Pare, stone and scald twelve ripe Apricots, beat them fine in a Marble Mortar, put to them six Ounces of double refined Sugar, a Pint of scalding Cream, work it through a Hair Sieve, put it into a Tin that has a close Cover, set it in a Tub of Ice broken small, and a large Quantity of Salt put amongst it, when you see your Cream grow thick round the Edges of your Tin, stir it and set it in again 'till it all grows quite thick, when your Cream is all Froze up, take it out of your Tin, and put it in the Mould you intend it to be turned out of, then put on the Lid, and have ready another Tub with Ice and Salt in as before, put your Mould in the Middle, and lay your Ice under and over it, let it stand four or five Hours, dip your Tin in warm Water when you turn it out; if it be Summer, you must not turn it out 'till the Moment you want it; you may use any Sort of Fruit if you have not Apricots, only observe to work it fine.

To make Orange Wine - page 297

To ten Gallons of Water, add twenty-four Pounds of Lump Sugar, beat the Whites of six Eggs very well, and mix them when the Water is cold, then boil it an Hour, scum it very well, take four Dozen of the roughest and largest Seville Oranges you can get, pair them very thin, put them into a Tub, and put the Liquor on them boiling hot, and when you think it is cold enough add to it three or four Spoonful of new Yeast, with the Juice of the Oranges, and half an Ounce of Cochineal beat fine, and boiled in a Pint of Water, stir it all together and let it work four Days, then put it in the Cask, and in six Weeks Time bottle it for Use.

Directions for a Grand Table - page 361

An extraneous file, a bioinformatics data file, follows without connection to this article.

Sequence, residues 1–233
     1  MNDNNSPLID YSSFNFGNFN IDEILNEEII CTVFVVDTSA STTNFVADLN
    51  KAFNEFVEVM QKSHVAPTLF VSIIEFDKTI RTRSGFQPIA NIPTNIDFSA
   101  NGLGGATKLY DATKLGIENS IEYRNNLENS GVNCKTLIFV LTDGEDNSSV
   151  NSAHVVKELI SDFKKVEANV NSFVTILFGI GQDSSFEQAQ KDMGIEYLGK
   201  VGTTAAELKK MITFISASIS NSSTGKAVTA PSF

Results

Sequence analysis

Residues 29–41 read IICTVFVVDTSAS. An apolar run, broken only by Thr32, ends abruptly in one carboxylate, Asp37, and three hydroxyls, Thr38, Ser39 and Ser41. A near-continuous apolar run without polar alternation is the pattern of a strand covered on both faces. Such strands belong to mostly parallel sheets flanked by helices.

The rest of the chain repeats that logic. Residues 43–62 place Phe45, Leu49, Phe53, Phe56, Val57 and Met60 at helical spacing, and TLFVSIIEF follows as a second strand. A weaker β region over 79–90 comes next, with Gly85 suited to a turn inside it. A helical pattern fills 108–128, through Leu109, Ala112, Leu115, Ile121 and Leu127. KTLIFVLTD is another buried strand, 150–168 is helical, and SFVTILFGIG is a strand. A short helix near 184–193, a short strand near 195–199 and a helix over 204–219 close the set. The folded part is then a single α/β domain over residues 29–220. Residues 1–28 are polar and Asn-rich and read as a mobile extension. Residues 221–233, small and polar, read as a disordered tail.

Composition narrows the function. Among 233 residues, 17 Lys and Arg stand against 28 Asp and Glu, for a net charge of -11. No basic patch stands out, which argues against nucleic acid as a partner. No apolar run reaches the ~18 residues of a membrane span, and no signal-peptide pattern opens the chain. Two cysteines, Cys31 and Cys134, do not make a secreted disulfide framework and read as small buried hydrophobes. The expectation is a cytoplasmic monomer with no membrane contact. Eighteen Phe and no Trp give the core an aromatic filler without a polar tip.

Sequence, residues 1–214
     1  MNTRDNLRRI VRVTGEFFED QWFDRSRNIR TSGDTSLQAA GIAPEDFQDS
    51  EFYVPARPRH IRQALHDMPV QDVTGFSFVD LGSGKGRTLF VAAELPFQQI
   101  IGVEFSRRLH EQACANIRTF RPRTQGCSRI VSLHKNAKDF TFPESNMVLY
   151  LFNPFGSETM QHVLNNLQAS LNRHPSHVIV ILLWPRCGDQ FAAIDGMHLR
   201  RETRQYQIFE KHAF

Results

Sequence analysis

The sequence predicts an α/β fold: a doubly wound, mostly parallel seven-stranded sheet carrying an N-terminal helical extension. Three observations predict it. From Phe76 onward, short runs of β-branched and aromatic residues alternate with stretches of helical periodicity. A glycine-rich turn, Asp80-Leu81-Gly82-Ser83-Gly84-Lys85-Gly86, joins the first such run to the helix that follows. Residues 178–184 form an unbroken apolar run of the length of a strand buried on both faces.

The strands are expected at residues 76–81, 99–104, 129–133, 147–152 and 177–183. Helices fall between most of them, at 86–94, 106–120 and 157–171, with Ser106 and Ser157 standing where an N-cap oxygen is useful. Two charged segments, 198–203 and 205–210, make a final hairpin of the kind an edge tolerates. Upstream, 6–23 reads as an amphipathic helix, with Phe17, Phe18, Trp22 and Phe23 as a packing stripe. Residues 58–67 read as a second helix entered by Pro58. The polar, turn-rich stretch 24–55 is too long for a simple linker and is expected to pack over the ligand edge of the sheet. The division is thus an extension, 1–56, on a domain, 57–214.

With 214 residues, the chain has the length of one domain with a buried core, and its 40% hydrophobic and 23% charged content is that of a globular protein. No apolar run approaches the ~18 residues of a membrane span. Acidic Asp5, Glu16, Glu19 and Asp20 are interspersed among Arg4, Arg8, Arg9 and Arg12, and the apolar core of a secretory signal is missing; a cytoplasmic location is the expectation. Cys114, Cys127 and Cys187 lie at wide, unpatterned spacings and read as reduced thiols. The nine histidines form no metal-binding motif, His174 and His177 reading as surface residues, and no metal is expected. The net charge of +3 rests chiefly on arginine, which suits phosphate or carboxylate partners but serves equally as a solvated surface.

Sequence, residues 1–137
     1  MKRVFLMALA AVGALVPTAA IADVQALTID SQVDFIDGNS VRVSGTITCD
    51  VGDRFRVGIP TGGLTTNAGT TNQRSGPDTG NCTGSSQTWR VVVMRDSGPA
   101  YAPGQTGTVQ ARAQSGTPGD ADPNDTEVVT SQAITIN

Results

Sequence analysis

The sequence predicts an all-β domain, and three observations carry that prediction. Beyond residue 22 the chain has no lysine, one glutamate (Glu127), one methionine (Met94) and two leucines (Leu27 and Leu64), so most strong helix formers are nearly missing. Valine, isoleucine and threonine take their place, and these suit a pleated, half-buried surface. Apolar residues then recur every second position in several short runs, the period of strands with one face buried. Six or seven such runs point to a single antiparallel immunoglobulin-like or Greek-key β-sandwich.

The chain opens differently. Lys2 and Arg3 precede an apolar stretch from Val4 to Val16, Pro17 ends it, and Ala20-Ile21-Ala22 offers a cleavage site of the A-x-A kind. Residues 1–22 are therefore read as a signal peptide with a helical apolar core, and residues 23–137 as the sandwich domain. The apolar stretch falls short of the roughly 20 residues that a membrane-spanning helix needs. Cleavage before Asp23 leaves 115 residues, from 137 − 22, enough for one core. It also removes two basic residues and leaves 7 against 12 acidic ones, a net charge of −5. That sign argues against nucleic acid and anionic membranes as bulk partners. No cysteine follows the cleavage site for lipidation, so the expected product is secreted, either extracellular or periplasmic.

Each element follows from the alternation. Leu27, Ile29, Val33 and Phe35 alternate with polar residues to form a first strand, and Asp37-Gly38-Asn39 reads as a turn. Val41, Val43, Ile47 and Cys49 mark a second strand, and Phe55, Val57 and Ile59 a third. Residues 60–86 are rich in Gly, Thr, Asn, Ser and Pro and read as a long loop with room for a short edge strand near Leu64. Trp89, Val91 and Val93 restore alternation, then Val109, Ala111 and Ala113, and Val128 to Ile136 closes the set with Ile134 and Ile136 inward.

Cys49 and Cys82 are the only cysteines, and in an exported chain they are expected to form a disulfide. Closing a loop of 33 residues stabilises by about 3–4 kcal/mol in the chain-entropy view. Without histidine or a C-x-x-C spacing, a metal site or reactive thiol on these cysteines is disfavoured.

Second course layout January being a Month when Entertainments are most used, and most wanted, and from that Motive I have drawn my Dinner at that Season of the Year, and hope it will be of Service to my worthy Friends; not that I have the least Pretension to confine any Lady to such a particular Number of Dishes, but to chuse out of them what Number they please; being all in Season, and most of them to be got without much Difficulty; as I from long Experience can tell what a troublesome Task it is to make a Bill of Fare to be in Propriety, and not have two Things of the same Kind; and being desirous of rendering it easy for the future, have made it my Study to set out the Dinner in as elegant a Manner as lies in my Power, and in the Modern Taste; but finding I could not express myself to be understood by young Housekeepeers, in placing the Dishes upon the Table, obliged me to have two Copper-Plates; as I am very unwilling to leave even the weakest Capacity in the dark, it being my greatest Study to redner my whole Work both plain and easy. As to French Cooks and old experienced Housekeepers, they have no Occasion for my Assistance, it is not for them I look for any Applause: I have not engraved a Copper-Plate for a third Course, or a cold Collation, for that generally consists of Things extravagant; but I have endeavoured to set out a Desert of Sweetmeats, which the industrious Housekeeper may lay upon in Summer, at a small Expence, and when added to what little Fruit is then in Season, will make a pretty Appearance after the Cloth is drawn, and be entertaining to the Company; before you draw your Cloth, have all your Sweemeats and Fruits dished up in China Dishes, or Fruit Baskets; and as many Dishes as you have in one course, so many Baskets or Plates your Desert must hae; and as my Bill of Fare is twenty-five in each Course, so must your Desert be of the same Number, and set out in the same Manner, and as Ice is very often plentiful at that Time, it will be easy to make five different Ices for the middle, either to be served upon a Frame or without, with four Plates of dried Fruit round them; Apricots, Green Gages, Grapes and Pears; the four outward Corners Pistacho Nuts, Prunelloes, Oranges, and Olives; The four Squares, Nonpareils, Pears, Walnuts, and Filberts; the two in the Centre betwixt the Top and Bottom, Chesnuts, and Portugal Plumbs, and the four Brandy Fruits, which is Peaches, Nectarines, Apricots and Cherries.